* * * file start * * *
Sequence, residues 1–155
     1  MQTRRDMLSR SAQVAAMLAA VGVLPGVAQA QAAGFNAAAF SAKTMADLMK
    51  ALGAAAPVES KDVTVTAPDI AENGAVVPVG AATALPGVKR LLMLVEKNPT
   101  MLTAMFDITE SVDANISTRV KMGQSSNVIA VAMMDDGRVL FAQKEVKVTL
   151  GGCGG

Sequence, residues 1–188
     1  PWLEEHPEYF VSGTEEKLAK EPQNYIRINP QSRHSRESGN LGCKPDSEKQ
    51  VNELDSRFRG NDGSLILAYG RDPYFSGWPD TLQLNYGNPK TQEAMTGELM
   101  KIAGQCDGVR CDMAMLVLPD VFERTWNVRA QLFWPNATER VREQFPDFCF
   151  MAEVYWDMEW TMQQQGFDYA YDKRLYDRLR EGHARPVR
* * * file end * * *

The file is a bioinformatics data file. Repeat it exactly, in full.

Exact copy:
Sequence, residues 1–155
     1  MQTRRDMLSR SAQVAAMLAA VGVLPGVAQA QAAGFNAAAF SAKTMADLMK
    51  ALGAAAPVES KDVTVTAPDI AENGAVVPVG AATALPGVKR LLMLVEKNPT
   101  MLTAMFDITE SVDANISTRV KMGQSSNVIA VAMMDDGRVL FAQKEVKVTL
   151  GGCGG

Sequence, residues 1–188
     1  PWLEEHPEYF VSGTEEKLAK EPQNYIRINP QSRHSRESGN LGCKPDSEKQ
    51  VNELDSRFRG NDGSLILAYG RDPYFSGWPD TLQLNYGNPK TQEAMTGELM
   101  KIAGQCDGVR CDMAMLVLPD VFERTWNVRA QLFWPNATER VREQFPDFCF
   151  MAEVYWDMEW TMQQQGFDYA YDKRLYDRLR EGHARPVR